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Ghostly goings-on in the Village Hall

Listed under Paranormal in East Anglia, United Kingdom.

  • Photo of Ghostly goings-on in the Village Hall
  • Photo of Ghostly goings-on in the Village Hall
  • Photo of Ghostly goings-on in the Village Hall
  • Photo of Ghostly goings-on in the Village Hall
  • Photo of Ghostly goings-on in the Village Hall
  • Photo of Ghostly goings-on in the Village Hall
  • Photo of Ghostly goings-on in the Village Hall
  • Photo of Ghostly goings-on in the Village Hall
Photo of Ghostly goings-on in the Village Hall
Photo by johnblythe
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It didn’t feel strange, at first.

We had held a number of charity clairvoyant shows there before we carried out any paranormal investigations and when you are busy, with over two hundred people to cater for ‘strange’ is not something you really notice.

I suppose we should have realised something was going on when some of the Mediums we employed started to talk about ‘the boy’ and complained that stones were being thrown on the stage. And why did some of the female customers hesitate to use the toilets; complaining that they felt weird and that it made them uneasy, insisting on using the staff facility?

This was our local village hall! It couldn’t be haunted, could it?

Built in 1910, Coronation Hall, Mundesley is the hub of this lovely North Norfolk fishing village. Situated on the cliff edge overlooking the sea it’s hard to imagine that anything “paranormal” could affect it, let alone turn out to be a featured story in a magazine and the subject of a YouTube video clip.

There always seemed to be an atmosphere in the backstage storeroom, we had videod a strange incident with a chair once and when one of our team got touched on the shoulder while sitting alone on a vigil in the dark; her screams still linger in the memory, we decided a full investigation was necessary. What we discovered amazed us.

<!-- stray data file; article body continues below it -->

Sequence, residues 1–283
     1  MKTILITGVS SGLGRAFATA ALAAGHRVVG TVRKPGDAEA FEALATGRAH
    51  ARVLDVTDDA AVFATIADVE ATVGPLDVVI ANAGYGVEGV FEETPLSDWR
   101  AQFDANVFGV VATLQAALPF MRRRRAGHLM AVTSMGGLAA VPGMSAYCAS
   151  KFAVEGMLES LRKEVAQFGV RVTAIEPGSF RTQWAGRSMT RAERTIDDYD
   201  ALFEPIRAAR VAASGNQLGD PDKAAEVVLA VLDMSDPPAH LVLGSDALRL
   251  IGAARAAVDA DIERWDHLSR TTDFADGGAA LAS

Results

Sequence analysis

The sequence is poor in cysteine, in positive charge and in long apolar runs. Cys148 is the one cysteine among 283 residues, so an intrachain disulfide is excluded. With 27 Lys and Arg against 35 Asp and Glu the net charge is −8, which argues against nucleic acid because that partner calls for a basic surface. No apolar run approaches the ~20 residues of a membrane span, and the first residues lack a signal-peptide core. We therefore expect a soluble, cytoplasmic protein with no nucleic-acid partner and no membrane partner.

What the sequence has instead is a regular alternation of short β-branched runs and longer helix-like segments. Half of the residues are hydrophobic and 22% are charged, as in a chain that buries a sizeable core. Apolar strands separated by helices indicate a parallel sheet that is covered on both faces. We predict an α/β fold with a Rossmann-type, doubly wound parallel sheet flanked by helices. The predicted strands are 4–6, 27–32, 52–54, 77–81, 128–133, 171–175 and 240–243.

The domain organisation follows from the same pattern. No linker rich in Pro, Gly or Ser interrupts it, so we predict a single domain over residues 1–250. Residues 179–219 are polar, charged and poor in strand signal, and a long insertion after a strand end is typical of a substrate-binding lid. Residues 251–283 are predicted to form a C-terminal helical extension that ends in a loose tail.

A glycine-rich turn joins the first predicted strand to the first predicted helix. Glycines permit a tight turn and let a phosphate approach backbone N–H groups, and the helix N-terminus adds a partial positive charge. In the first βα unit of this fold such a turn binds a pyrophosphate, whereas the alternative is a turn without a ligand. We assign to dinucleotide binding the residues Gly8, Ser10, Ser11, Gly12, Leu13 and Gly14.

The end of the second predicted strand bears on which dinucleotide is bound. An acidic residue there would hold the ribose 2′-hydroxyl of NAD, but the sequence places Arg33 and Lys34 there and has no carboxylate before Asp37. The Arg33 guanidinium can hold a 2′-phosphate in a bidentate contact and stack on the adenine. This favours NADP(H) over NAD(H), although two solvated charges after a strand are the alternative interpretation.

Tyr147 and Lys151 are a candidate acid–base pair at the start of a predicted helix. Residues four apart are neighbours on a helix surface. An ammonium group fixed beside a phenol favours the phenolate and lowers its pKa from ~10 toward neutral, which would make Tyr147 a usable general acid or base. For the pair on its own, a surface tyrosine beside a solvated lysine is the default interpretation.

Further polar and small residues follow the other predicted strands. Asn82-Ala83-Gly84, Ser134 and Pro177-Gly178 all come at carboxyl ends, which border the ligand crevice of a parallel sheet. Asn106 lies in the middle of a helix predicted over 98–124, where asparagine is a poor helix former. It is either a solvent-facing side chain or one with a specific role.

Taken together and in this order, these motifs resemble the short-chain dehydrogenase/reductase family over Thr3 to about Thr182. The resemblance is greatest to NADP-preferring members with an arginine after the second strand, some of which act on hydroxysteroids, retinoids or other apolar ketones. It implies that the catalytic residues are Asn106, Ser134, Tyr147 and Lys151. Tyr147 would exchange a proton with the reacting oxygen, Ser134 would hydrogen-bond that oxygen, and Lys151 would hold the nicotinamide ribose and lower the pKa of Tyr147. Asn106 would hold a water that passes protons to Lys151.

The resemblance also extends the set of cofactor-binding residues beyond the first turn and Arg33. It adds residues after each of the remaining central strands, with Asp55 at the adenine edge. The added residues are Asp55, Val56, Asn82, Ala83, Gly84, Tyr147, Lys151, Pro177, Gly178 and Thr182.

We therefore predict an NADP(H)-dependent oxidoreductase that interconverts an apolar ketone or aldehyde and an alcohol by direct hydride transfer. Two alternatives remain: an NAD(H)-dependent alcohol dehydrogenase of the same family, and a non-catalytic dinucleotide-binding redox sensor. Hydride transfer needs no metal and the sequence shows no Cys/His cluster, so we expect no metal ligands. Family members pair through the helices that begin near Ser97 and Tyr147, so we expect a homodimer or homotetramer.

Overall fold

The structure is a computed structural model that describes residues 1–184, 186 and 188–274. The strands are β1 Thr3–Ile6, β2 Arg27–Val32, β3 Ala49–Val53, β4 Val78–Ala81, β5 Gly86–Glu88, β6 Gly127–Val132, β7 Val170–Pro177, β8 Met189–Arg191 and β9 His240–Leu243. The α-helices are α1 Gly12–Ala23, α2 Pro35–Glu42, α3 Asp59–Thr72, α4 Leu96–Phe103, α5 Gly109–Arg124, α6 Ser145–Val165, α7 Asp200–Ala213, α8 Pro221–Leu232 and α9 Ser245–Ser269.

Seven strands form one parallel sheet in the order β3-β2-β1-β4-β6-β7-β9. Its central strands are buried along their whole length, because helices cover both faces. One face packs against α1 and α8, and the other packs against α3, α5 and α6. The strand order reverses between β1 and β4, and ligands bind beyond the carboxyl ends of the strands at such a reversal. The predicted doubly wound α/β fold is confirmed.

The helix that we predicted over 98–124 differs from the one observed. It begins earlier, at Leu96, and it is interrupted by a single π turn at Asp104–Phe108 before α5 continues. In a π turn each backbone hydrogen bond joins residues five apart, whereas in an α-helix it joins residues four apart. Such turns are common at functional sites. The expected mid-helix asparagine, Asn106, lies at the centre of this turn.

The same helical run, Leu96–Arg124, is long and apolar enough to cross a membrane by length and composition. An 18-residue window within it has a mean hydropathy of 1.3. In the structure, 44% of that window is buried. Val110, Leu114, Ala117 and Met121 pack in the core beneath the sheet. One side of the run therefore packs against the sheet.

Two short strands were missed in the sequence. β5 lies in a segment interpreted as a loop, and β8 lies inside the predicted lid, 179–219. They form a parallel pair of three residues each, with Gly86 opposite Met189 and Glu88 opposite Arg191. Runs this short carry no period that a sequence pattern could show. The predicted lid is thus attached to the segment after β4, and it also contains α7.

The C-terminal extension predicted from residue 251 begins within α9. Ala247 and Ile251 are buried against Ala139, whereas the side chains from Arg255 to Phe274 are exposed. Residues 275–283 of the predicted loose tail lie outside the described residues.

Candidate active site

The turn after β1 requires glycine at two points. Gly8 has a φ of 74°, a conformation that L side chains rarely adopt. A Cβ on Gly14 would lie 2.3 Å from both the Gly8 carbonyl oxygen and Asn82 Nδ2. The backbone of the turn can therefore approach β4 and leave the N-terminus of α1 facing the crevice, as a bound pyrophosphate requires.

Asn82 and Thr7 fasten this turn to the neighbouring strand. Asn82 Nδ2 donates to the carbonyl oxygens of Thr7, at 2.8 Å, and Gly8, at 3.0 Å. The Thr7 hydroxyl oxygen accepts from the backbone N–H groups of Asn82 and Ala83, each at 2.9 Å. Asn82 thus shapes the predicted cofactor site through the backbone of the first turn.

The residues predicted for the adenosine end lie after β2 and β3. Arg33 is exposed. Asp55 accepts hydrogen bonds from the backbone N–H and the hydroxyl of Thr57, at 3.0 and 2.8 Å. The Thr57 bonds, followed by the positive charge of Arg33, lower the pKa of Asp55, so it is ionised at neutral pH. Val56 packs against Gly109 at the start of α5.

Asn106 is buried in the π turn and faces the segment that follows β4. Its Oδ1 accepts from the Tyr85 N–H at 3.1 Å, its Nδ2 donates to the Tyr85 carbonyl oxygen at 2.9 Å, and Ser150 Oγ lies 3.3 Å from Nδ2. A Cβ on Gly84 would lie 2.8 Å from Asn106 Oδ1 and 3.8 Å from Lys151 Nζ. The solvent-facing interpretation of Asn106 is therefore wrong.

We knew from local knowledge that the hall was used for wartime dances and that over the years there have been many amateur and professional variety shows performed there. We questioned older locals to gain an insight into any strange happenings that may have occurred.

Paranormal Norfolk; our regional ‘spooky’ magazine, had asked to be involved and in fact published the story as the main feature in their second edition.

And so it was that in January 2006 we gathered together two very different teams of paranormal investigators, one which, at the time was Spiritually based, us. The other a local paranormal group, rooted in the scientific side of investigating.

As a precursor to the nights events we decided to play some 1940s music; Glenn Millar, Vera Lynn, The Andrews Sisters etc, just to raise the vibrations and entice memories of a bygone age in the hope we would encourage Ghosts and Spirits from the past to join in.

Our investigation revealed a number of energies in the hall, from a distressed man in the back storeroom who conveyed his name as Edward, who with the help of one of our Medium friends was crossed over into the higher vibrations of the light; we never leave a distressed Spirit in the lower vibration of this plane. A woman called Rosemary and other male Spirits in the ladies toilets were also picked up, (the name Edward also came up again but we were not sure if it was the same energy as before) one was not very nice and during a Planchette experiment in there one female participant was touched on the head and was so overcome with a feeling of dread that she had to leave.

On the stage one investigator had a distinct feeling of falling over and banging his head, this feeling proved to be quite revealing. You will have heard of the old theatrical cliché of dying on stage, well this wasn’t a cliché it really happened, to a young boy.

We discovered that during the 1950s a boy about 10 years old had had an epileptic fit while on stage and had fallen over and died. All we knew of him was his name, David and that he liked having people around. It was him that affected the table tipping experiment, making it spin around the hall and who had made a series of knocks in response to questions.

We did ask him about stone throwing but he was strangely quiet.

We have carried out a number of investigations there since and David is always happy to be involved, from knockings and table moving to displays of dancing lights when his name is called out; and all this in our local village hall.

So the next time you attend an event in your local hall or community centres don’t imagine that everyone you can see is everyone that is there. If, when the curtains open and the lights go down you feel a cold breeze on the back of your neck, keep your eyes firmly on the performers on stage. Do not be tempted to turn around!

Written by  John Blythe.

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